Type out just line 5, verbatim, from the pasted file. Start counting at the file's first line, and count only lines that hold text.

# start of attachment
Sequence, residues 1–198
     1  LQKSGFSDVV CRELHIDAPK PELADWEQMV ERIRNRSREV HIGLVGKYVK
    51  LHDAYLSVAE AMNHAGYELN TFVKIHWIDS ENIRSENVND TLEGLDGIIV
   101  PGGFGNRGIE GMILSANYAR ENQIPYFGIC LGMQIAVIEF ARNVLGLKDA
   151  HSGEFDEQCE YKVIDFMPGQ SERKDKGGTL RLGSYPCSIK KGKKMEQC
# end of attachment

   151  HSGEFDEQCE YKVIDFMPGQ SERKDKGGTL RLGSYPCSIK KGKKMEQC